Education

Trigger Point Dry Needling

Trigger Point Dry Needling

Trigger point dry needling (more commonly referred to as dry needling) is a technique used by Physiotherapists to help alleviate pain and increase range of motion. It uses a single filament needle that is very thin, and most people do not even feel the needle and instead only feel the guide tube that is used.

Dry needling is focused on trigger points in skeletal muscle, which are taut bands of muscle that can cause the pain experienced by the patient. These trigger points are common in acute and chronic pain conditions, and are often painful when pressed on by the Physiotherapist.

How is Dry Needling different from traditional Acupuncture?

Dry needling effects and targets trigger points that are identified following a physical examination by a Physiotherapist, and is performed with careful consideration of the clinical findings. Acupuncture is based on meridians, that are predefined to have effects on various areas of the body. After Dry Needling, there is an immediate difference felt by the patient and seen by the Physiotherapist and can be measured.

What will I feel?

The point of trigger point needling is to elicit a twitch response in the affected muscle, therefore “resetting” the muscle to its normal length and tightness. This twitch response is most commonly felt as a quick cramping sensation, where the muscle performs a quick and sudden contraction that alleviates just as quickly as it came. Generally the more twitches that occur, the more relief that you will experience.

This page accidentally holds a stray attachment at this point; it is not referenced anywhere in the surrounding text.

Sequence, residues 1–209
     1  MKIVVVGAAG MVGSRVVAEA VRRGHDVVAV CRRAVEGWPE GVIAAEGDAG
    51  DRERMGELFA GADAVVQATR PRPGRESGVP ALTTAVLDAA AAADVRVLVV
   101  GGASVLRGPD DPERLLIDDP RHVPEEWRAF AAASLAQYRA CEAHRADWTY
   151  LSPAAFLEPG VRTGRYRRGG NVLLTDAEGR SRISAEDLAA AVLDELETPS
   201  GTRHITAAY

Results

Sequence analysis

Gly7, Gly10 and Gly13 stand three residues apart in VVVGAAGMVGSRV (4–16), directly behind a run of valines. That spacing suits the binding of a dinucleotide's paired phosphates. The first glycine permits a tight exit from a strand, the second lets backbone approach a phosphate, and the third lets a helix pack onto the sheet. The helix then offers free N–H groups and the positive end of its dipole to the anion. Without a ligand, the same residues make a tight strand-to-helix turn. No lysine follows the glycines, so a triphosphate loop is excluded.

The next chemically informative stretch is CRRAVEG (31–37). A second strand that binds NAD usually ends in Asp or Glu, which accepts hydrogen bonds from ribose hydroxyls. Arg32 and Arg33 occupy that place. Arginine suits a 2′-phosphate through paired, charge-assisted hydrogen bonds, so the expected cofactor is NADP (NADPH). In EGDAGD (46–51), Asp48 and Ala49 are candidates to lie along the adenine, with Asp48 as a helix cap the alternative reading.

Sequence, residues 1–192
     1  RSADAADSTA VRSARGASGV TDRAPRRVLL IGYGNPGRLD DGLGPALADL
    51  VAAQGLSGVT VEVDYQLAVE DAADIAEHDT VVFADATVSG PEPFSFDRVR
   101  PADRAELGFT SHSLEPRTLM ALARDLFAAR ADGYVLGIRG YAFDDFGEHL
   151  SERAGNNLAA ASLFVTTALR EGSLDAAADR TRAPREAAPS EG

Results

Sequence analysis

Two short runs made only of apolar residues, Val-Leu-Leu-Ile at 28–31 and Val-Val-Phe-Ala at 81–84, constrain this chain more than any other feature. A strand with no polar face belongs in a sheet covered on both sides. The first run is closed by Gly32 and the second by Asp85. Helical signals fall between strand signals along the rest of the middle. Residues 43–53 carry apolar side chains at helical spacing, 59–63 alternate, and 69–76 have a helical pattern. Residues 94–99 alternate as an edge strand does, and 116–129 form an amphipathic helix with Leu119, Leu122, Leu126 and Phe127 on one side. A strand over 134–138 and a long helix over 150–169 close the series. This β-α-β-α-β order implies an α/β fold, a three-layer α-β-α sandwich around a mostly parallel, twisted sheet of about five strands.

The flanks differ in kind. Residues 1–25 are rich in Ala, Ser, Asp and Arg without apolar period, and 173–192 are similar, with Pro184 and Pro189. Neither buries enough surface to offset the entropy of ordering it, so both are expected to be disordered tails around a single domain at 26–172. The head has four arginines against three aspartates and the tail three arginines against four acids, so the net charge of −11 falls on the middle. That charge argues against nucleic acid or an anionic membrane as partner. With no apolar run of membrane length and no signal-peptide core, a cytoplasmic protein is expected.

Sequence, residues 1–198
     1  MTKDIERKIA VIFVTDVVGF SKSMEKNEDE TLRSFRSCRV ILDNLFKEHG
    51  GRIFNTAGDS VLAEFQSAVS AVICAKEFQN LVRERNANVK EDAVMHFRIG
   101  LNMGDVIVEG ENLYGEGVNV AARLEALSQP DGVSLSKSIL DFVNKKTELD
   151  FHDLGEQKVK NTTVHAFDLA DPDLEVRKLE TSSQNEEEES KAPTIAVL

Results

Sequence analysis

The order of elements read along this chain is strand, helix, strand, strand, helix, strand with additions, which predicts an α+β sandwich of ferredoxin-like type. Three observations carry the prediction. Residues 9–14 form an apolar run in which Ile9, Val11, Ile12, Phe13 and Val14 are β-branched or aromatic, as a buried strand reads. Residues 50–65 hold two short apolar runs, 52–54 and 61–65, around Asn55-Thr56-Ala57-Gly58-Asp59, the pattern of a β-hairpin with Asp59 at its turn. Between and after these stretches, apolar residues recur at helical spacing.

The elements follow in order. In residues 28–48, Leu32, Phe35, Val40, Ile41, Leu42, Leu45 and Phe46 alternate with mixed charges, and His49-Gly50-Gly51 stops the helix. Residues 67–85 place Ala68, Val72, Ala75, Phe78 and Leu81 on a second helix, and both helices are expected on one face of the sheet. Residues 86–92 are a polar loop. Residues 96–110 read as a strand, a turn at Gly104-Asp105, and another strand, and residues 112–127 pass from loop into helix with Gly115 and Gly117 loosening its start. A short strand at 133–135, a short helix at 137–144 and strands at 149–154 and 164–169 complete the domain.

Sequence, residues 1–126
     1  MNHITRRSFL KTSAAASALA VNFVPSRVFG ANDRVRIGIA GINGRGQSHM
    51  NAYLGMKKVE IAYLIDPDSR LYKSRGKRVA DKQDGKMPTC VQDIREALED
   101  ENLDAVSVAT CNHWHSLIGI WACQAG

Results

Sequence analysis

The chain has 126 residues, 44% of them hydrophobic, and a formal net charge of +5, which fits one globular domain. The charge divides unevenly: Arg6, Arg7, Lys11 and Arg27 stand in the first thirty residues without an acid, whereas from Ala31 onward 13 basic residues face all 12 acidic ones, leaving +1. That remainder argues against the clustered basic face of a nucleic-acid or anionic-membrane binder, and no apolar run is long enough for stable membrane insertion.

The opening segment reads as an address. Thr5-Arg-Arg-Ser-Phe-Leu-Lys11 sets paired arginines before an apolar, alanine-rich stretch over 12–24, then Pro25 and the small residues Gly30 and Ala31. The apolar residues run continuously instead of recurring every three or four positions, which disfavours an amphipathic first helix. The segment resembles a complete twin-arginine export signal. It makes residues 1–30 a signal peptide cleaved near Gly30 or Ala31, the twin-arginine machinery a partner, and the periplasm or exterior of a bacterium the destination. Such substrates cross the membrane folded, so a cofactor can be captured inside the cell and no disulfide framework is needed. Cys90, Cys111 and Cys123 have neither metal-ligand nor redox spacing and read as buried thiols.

What should I expect from Dry Needling?

After a treatment session that involves dry needling, you should expect to feel a bit sore in the muscle that was treated. The best way to manage this soreness is to keep moving through the rest of the day, and the application of heat a few hours after your treatment session.

Are there any side effects?

Dry Needling is performed by experienced and qualified professionals, and is a safe, low-risk form of treatment. The most common side effects are:

  • Muscle Soreness: you can alleviate muscle soreness through the application of heat later in the day following your treatment
  • Fatigue
  • Bruising

 

These side effects are temporary and most people will recover from these side effects in 2-3 days following treatment.

Less Common Side Effects:

  • Dizziness/Fainting: this is usually a result of missing a meal during the day or not eating or drinking sufficiently prior to the procedure.
  • Metal Allergy: Please notify your physiotherapist if you have any known metal allergies or adverse reactions in the past to dry needling.

 

If you have any questions, discuss with your Physiotherapist at any time.

By Tim Tattersall (Physiotherapist)